MIT researchers devise a way to evaluate cybersecurity methods
A savvy hacker can obtain secret information, such as a password, by observing a computer program’s behavior, like how much time that program spends accessing the computer’s memory.
Security approaches that completely block these “side-channel attacks” are so computationally expensive that they aren’t feasible for many real-world systems. Instead, engineers often apply what are known as obfuscation schemes that seek to limit, but not eliminate, an attacker’s ability to learn secret information.
To help engineers and scientists better understand the effectiveness of different obfuscation schemes, MIT researchers created a framework to quantitatively evaluate how much information an attacker could learn from a victim program with an obfuscation scheme in place.
Their framework, called Metior, allows the user to study how different victim programs, attacker strategies, and obfuscation scheme configurations affect the amount of sensitive information that is leaked. The framework could be used by engineers who develop microprocessors to evaluate the effectiveness of multiple security schemes and determine which architecture is most promising early in the chip design process.
“Metior helps us recognize that we shouldn’t look at these security schemes in isolation. It is very tempting to analyze the effectiveness of an obfuscation scheme for one particular victim, but this doesn’t help us understand why these attacks work. Looking at things from a higher level gives us a more holistic picture of what is actually going on,” says Peter Deutsch, a graduate student and lead author of an open-access paper on Metior.
Deutsch’s co-authors include Weon Taek Na, an MIT graduate student in electrical engineering and computer science; Thomas Bourgeat PhD ’23, an assistant professor at the Swiss Federal Institute of Technology (EPFL); Joel Emer, an MIT professor of the practice in computer science and electrical engineering; and senior author Mengjia Yan, the Homer A. Burnell Career Development Assistant Professor of Electrical Engineering and Computer Science (EECS) at MIT and a member of the Computer Science and Artificial Intelligence Laboratory (CSAIL). The research was presented last week at the International Symposium on Computer Architecture.
While there are many obfuscation schemes, popular approaches typically work by adding some randomization to the victim’s behavior to make it harder for an attacker to learn secrets. For instance, perhaps an obfuscation scheme involves a program accessing additional areas of the computer memory, rather than only the area it needs to access, to confuse an attacker. Others adjust how often a victim accesses memory or another a shared resource so an attacker has trouble seeing clear patterns.
But while these approaches make it harder for an attacker to succeed, some amount of information from the victim still “leaks” out. Yan and her team want to know how much.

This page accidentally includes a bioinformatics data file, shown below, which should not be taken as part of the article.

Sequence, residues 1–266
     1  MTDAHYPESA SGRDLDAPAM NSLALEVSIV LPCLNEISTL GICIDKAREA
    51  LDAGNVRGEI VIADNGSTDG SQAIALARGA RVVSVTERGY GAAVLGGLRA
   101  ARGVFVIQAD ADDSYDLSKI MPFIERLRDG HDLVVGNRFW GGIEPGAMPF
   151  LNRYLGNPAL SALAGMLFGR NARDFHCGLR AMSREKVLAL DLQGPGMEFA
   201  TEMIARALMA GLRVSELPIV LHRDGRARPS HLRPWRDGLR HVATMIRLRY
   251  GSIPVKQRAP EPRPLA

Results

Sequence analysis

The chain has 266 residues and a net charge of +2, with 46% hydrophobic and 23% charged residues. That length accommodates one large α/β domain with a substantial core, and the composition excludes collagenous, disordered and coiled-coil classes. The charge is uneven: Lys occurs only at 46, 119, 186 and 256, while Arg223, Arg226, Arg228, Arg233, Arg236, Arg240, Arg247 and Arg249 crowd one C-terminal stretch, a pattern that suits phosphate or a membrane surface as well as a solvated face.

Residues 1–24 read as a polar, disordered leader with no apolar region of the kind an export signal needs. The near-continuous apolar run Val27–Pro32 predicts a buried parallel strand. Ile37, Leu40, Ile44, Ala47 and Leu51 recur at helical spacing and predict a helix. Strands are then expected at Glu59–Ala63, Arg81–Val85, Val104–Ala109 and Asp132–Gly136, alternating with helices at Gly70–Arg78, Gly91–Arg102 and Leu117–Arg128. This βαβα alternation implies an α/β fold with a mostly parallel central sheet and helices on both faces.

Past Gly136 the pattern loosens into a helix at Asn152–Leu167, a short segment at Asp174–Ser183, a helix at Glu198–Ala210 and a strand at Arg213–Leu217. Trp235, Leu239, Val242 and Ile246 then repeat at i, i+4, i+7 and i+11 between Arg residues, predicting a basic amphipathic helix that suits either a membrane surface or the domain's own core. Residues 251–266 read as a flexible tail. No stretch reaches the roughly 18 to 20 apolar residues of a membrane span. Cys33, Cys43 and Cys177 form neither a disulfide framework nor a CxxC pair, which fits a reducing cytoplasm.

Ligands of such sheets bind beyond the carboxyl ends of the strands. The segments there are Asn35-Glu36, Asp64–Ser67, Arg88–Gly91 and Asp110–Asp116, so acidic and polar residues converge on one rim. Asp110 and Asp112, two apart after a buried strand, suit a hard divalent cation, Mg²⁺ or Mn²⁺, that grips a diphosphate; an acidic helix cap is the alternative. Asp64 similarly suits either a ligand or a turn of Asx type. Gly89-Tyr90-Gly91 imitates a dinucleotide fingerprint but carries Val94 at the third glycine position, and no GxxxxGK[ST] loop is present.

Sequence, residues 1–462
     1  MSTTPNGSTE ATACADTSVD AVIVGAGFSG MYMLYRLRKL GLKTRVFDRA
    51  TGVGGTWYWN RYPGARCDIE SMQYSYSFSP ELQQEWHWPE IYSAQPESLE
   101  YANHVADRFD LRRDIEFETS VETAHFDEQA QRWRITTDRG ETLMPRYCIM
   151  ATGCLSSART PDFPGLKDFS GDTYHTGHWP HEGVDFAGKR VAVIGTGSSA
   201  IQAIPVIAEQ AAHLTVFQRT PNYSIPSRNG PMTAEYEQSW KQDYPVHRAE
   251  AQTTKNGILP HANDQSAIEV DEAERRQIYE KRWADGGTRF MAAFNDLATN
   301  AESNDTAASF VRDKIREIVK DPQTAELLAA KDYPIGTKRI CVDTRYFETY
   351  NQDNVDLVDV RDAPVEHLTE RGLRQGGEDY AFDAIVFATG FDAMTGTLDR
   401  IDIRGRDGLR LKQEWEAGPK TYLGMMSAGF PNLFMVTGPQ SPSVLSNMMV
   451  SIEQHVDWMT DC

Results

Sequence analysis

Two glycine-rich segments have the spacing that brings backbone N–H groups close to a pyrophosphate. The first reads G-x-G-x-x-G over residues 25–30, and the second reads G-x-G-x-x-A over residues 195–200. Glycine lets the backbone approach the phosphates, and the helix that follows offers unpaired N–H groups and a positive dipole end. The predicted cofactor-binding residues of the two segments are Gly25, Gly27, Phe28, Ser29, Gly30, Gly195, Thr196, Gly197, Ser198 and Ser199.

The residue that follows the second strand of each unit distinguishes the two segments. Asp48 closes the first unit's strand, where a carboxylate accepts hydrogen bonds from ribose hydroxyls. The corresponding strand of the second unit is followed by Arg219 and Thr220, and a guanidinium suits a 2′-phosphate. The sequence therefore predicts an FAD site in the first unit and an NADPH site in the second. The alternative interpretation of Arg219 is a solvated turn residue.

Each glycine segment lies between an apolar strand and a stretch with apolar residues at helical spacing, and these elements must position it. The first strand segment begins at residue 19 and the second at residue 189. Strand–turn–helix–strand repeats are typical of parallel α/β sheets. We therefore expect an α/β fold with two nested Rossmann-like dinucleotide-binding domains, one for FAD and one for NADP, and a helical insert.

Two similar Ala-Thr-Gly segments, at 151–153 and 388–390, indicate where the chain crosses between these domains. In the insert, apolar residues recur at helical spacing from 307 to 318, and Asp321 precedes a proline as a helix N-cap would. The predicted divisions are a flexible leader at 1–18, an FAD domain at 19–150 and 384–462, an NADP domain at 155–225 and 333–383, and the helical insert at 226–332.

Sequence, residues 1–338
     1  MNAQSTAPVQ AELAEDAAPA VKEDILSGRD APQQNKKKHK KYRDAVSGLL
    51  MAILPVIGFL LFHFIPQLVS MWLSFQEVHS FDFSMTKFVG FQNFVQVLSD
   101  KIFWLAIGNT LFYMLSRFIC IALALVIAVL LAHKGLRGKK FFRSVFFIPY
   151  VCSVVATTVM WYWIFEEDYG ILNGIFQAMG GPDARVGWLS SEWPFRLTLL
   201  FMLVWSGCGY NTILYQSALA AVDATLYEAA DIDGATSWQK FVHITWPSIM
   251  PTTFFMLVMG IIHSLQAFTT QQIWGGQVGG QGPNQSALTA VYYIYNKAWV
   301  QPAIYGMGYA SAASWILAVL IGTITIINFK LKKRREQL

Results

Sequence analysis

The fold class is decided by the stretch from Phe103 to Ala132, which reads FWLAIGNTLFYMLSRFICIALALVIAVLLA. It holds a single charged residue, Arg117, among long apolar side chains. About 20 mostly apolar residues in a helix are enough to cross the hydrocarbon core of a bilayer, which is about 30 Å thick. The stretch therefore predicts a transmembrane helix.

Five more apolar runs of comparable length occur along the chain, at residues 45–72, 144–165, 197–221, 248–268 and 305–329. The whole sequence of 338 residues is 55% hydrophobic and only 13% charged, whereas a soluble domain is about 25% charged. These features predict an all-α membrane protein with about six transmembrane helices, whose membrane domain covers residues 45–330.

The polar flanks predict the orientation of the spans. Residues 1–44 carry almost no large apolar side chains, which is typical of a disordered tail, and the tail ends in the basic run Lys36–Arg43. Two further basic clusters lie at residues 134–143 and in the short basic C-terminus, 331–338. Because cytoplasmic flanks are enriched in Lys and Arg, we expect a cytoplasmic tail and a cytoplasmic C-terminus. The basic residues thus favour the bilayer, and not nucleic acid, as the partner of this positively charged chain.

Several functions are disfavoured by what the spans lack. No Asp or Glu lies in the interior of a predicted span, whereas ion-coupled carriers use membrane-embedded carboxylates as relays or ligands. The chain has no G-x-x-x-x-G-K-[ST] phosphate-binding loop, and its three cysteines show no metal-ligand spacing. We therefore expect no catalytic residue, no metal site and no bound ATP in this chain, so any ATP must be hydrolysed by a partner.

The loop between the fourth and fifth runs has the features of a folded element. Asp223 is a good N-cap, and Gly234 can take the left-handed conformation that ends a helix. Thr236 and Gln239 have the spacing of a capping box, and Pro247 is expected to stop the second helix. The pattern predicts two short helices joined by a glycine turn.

They had previously developed CaSA, a tool to quantify the amount of information leaked by one particular type of obfuscation scheme. But with Metior, they had more ambitious goals. The team wanted to derive a unified model that could be used to analyze any obfuscation scheme — even schemes that haven’t been developed yet.
To achieve that goal, they designed Metior to map the flow of information through an obfuscation scheme into random variables. For instance, the model maps the way a victim and an attacker access shared structures on a computer chip, like memory, into a mathematical formulation.
One Metior derives that mathematical representation, the framework uses techniques from information theory to understand how the attacker can learn information from the victim. With those pieces in place, Metior can quantify how likely it is for an attacker to successfully guess the victim’s secret information.
“We take all of the nitty-gritty elements of this microarchitectural side-channel and map it down to, essentially, a math problem. Once we do that, we can explore a lot of different strategies and better understand how making small tweaks can help you defend against information leaks,” Deutsch says.
They applied Metior in three case studies to compare attack strategies and analyze the information leakage from state-of-the-art obfuscation schemes. Through their evaluations, they saw how Metior can identify interesting behaviors that weren’t fully understood before.
For instance, a prior analysis determined that a certain type of side-channel attack, called probabilistic prime and probe, was successful because this sophisticated attack includes a preliminary step where it profiles a victim system to understand its defenses.
Using Metior, they show that this advanced attack actually works no better than a simple, generic attack and that it exploits different victim behaviors than researchers previously thought.
Moving forward, the researchers want to continue enhancing Metior so the framework can analyze even very complicated obfuscation schemes in a more efficient manner. They also want to study additional obfuscation schemes and types of victim programs, as well as conduct more detailed analyses of the most popular defenses.
Ultimately, the researchers hope this work inspires others to study microarchitectural security evaluation methodologies that can be applied early in the chip design process.
“Any kind of microprocessor development is extraordinarily expensive and complicated, and design resources are extremely scarce. Having a way to evaluate the value of a security feature is extremely important before a company commits to microprocessor development. This is what Metior allows them to do in a very general way,” Emer says.
This research is funded, in part, by the National Science Foundation, the Air Force Office of Scientific Research, Intel, and the MIT RSC Research Fund.